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I'm looking for an alternative for CSharpCodeProvider.Parse. The method was supposed to parse a [C#] code source and return a CompileUnit object. However, the method isn't implemented in any .Net framework.

My purpose is to be able to navigate a C# CodeDOM without having to compile it. I'm writing a application that does some code analysis but I won't necessarily have all external references, which means I can't compile it.

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3 Answers 3

up vote 2 down vote accepted

SharpDevelop (the open source IDE commonly used for Mono) has a library called NRefactory that allows you to parse C# code and convert it into an AST: http://wiki.sharpdevelop.net/NRefactory.ashx (Excerpt from that link follows):

using (IParser parser = ParserFactory.CreateParser(SupportedLanguage.CSharp, new StringReader(sourceCode))) 
{
    parser.Parse();
    // this allows retrieving comments, preprocessor directives, etc. (stuff that isn't part of the syntax)
    specials = parser.Lexer.SpecialTracker.RetrieveSpecials();
    // this retrieves the root node of the result AST
    result = parser.CompilationUnit;
    if (parser.Errors.Count > 0) {
        MessageBox.Show(parser.Errors.ErrorOutput, "Parse errors");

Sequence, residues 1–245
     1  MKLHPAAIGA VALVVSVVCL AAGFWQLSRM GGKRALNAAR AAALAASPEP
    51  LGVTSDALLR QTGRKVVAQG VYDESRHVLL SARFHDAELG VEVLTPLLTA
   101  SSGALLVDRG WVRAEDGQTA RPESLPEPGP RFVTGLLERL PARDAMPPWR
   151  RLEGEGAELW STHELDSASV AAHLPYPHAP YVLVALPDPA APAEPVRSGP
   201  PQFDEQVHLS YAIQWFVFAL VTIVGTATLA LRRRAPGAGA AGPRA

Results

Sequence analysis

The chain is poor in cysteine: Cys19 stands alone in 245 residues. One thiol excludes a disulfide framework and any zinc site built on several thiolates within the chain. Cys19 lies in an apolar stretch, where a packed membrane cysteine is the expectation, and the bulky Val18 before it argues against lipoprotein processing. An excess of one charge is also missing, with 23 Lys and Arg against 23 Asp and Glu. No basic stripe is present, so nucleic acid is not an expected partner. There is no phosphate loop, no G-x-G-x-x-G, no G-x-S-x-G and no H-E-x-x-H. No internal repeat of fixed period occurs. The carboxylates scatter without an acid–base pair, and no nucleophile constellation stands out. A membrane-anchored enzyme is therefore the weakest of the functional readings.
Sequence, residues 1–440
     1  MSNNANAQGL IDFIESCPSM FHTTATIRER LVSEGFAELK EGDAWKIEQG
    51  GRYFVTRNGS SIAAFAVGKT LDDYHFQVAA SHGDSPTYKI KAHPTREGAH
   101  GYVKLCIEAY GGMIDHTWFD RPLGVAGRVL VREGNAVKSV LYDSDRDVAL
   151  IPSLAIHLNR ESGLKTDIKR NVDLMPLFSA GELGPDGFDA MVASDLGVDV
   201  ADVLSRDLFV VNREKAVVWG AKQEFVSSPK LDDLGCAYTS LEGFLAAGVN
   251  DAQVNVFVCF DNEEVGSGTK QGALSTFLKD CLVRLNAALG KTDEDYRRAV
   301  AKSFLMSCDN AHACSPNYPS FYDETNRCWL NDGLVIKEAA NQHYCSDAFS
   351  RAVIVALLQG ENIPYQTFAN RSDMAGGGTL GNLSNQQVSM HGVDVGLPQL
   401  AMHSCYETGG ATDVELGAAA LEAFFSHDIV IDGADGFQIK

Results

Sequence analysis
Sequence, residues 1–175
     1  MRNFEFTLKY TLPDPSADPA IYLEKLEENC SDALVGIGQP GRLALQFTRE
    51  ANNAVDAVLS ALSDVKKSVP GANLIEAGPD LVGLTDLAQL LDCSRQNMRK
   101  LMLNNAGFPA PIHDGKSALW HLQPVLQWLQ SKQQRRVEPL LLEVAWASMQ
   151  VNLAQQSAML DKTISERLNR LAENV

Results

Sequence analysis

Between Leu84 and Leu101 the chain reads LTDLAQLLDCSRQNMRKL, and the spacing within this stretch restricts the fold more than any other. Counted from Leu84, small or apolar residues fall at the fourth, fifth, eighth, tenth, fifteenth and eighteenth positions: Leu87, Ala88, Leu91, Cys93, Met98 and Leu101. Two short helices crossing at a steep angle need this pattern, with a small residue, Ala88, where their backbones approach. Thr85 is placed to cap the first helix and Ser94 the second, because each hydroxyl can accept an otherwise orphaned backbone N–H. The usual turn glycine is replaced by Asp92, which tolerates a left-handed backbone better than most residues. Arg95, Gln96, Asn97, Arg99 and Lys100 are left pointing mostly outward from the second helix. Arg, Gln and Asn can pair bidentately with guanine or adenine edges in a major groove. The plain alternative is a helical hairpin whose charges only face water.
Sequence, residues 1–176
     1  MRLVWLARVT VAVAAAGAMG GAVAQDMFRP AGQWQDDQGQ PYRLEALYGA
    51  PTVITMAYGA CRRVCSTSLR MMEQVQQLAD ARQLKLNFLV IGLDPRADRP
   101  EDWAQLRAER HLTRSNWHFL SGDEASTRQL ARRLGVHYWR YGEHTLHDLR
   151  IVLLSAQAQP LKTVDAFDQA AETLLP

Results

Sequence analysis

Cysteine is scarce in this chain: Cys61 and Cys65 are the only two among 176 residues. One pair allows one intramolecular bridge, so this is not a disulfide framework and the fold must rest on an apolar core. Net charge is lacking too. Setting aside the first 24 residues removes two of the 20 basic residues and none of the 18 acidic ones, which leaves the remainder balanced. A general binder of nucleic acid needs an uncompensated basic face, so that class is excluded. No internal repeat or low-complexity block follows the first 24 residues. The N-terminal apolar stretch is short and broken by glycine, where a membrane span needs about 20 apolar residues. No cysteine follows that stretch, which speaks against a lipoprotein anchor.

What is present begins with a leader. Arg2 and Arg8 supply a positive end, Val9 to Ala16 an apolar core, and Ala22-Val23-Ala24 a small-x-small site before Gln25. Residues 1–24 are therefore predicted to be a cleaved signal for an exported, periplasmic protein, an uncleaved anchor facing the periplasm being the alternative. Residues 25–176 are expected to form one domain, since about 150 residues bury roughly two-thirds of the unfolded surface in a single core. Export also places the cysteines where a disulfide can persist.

}
}
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There are many free C# parsers, the most popular apparently being:

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Seems good but to mention it supports only C# 2.0. –  psulek May 24 '13 at 17:45

Our DMS Software Reengineering Toolkit is a tool for building analysis tools for arbitrary languages. DMS provides generalized parsing, AST navigation and modification, regeneration of source from a modified tree, symbol table support, and various kinds of analysis support as well as the ability to write source-to-source transformations that modify the ASTs directly in terms of surface syntax.

Its C# Front End provides a full C# 4.0 parser (including LINQ) that builds a full abstract syntax tree containing every item of the source text, including comments captured as annotations on source tree nodes that the comments decorate.

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